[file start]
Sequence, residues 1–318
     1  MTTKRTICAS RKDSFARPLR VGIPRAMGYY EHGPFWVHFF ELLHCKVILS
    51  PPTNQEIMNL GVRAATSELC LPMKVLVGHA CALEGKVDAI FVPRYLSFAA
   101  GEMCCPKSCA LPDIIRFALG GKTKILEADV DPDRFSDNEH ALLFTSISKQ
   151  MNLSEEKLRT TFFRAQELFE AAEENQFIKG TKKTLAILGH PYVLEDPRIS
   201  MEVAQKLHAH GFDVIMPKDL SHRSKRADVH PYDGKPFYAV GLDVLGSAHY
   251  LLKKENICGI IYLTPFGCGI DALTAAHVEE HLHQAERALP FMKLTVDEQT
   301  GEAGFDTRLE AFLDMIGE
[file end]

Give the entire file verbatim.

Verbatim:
Sequence, residues 1–318
     1  MTTKRTICAS RKDSFARPLR VGIPRAMGYY EHGPFWVHFF ELLHCKVILS
    51  PPTNQEIMNL GVRAATSELC LPMKVLVGHA CALEGKVDAI FVPRYLSFAA
   101  GEMCCPKSCA LPDIIRFALG GKTKILEADV DPDRFSDNEH ALLFTSISKQ
   151  MNLSEEKLRT TFFRAQELFE AAEENQFIKG TKKTLAILGH PYVLEDPRIS
   201  MEVAQKLHAH GFDVIMPKDL SHRSKRADVH PYDGKPFYAV GLDVLGSAHY
   251  LLKKENICGI IYLTPFGCGI DALTAAHVEE HLHQAERALP FMKLTVDEQT
   301  GEAGFDTRLE AFLDMIGE